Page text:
Dr. Bowes is a board certified dermatologist with over 20 years of clinical experience in medical and cosmetic skin treatments. In addition to being a highly regarded and sought after dermatologist, she is co-founder and CEO of myDoqter.com. She has published widely in the medical literature and has done extensive research on cryolipolysis, the technique underlying body-sculpting with CoolSculpt. She sat down with us to give us some background on the science of body sculpting with CoolSculpt.
myDoqter: Thank you for taking the time to speak with us about body-sculpting with Coolsculpt. This is the time of year, that people start thinking about getting summer ready. Can you tell us how it works and is there truth to calling it a ‘fat freezing’ procedure?
Dr. Bowes: CoolSculpting is a completely non-invasive procedure that is able to remove unwanted fat by exposing the fat cells selectively to cold temperatures. We say ‘selectively’ because at temperatures that are low, such as 4° Celsius, we can specifically make the fat content crystallize inside the cells; but these temperatures are not low enough to be able to freeze or crystallize water inside other cells. This is what doctors mean when they say that CoolSculpting is very selective, because it only damages fat cells, and it has no negative effect on all other tissues around the fat, such as the muscles, skin, nerves or internal organs. CoolSculpting has also been commonly referred to as “Fat Freezing”, precisely because at these low temperatures the lipids or fat content of the cells form into crystals, pretty much like tiny ice cubes. This is why the process has also been known as “fat freezing”.
myDoqter: Patient selection for cosmetic surgery is important and it’s really up to the physician to provide proper guidance to the patient. Who would you say is a good candidate for this fat freezing procedure?
Dr. Bowes: The best candidate for the CoolSculpting procedure is a person that is within a healthy range of body weight, and who has localized areas of excess fat. CoolSculpting is not a treatment for obesity and proper selection of the patient is very important in order to achieve the best results and to create the right expectations among patients.
myDoqter: What parts of the body can be treated?
Dr. Bowes: CoolSculpting treatments have been performed in the United States since early 2010. To date, over 8 million treatments have been performed all over the world. At the beginning when we started doing CoolSculpting, there was only one type of applicator, which was placed over the areas of excess fat. The applicator was of a specific shape and size, and was only able to treat areas of excess fat in the flanks or sides of the abdomen. Nowadays, there are over 15 different sizes and shapes of CoolSculpting applicators. This allows us to treat areas of excess fat almost anywhere in the body. These areas include: the chin or submental area, the arms, the bra area, the upper back and lower back, buttock, abdomen, flanks, inner thighs, outer thighs and more.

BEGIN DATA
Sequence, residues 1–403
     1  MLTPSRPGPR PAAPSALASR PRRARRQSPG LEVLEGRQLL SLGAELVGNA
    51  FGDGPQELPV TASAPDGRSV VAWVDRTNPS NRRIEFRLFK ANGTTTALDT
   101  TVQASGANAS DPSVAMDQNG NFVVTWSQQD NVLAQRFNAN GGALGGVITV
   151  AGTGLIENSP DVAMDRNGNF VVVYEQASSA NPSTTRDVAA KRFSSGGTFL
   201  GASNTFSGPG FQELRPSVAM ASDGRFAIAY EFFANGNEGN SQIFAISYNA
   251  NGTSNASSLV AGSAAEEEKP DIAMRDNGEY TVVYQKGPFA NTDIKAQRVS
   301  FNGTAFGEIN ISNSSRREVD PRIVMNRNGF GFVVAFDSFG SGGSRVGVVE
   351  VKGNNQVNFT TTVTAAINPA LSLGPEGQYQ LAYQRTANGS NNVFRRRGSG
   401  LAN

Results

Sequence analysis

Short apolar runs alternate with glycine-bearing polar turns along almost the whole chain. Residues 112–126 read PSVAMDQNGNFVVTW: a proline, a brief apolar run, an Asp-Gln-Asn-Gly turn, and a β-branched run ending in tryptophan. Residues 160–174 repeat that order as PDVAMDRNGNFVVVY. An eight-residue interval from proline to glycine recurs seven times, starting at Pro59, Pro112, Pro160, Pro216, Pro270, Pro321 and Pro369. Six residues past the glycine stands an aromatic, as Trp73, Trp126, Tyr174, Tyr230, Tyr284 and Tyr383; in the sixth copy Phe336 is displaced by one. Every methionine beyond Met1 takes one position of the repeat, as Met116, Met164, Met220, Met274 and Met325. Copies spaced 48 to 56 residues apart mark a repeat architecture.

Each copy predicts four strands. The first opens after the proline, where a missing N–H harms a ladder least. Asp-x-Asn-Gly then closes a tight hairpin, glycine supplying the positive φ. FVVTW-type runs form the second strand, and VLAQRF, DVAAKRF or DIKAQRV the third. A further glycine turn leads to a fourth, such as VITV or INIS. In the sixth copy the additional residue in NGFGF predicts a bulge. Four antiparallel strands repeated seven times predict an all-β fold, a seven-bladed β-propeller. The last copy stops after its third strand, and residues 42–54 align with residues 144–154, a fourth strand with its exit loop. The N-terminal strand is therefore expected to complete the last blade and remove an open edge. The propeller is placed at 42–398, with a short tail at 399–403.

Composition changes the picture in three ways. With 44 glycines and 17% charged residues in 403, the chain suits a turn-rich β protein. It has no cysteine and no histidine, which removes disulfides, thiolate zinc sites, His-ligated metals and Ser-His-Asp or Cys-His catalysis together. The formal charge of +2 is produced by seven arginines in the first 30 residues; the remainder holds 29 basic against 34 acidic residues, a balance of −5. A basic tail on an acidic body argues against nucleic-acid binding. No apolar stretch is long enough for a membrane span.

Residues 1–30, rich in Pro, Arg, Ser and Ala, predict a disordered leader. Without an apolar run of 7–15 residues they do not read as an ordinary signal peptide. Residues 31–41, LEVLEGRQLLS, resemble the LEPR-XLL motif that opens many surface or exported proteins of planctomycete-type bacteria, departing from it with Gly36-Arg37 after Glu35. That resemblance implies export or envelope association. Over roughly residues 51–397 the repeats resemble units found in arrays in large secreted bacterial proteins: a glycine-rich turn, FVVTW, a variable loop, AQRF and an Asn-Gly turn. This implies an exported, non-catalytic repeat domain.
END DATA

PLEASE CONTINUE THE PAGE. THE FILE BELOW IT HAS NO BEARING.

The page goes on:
myDoqter: Your article is on the safety of cryolipolysis which is the technology behind CoolSculpting. What can you tell us specifically about the safety of CoolSculpting from the perspective of medical data?
Dr. Bowes: CoolSculpting is a very safe procedure that is performed externally on the body by placing an applicator over the area of excess fat that we would like to reduce. There are no needles involved, no scalpels or incisions, and no anesthesia is required. CoolSculpting is truly a completely non-invasive procedure.
In the areas that are treated, 20% of the fat cells are permanently damaged and will die. Typically, each CoolSculpting treatment can destroy approximately 20% to 25% of the fat cells in a given area. Once the fat cells die, the contents of the cells, including the lipids (fat), are removed gradually throughout the lymphatics, and eventually excreted or eliminated in the stools and the urine. We conducted a multi-center study that showed that even after multiple CoolSculpting treatments are performed at the same time in a patient, there is no significant rise in the levels of cholesterol, triglycerides or the liver enzymes for several months after the treatment. These findings continued throughout all the period of elimination of fat cells. This corroborates our clinical findings that indicate that CoolSculpting is a very well tolerated procedure, and that it is not associated with any significant serious metabolic side effects.
myDoqter: What about after-care with the procedure? And when CoolSculpting removes the excess fat, what happens to the skin in that area?
Dr. Bowes: Body sculpting procedures are generally very well tolerated although there may be some redness, swelling, skin sensitivity, and tenderness for several days. Longer term issues such as dimpling of the skin or indentations have been rarely reported but at are exceedingly uncommon.
As for the skin, it does not sag after CoolSculpting. In fact, many patients and physicians have noticed that months after the CoolSculpting was performed, not only is the fat reduced, but the skin in that area appears to have tightened and improved in appearance. This may be explained in part by the fact that the fat removal is a gradual process and, therefore, this allows the skin to accommodate as well as to possibly undergo a modest level of skin tightening. This is why it is so crucial that patients receive a proper evaluation before doing CoolSculpting, in order to determine if they are good candidates for the procedure. For example, patients who have a small amount of fat, but a lot of excess skin that is sagging in the specific area of concern, will not be good candidates for CoolSculpting. Those patients instead will require a surgical procedure known as abdominoplasty or ‘tummy tuck’ to remove excess skin.
For more information or to find a physician, you may refer to www.CoolSculpting.com.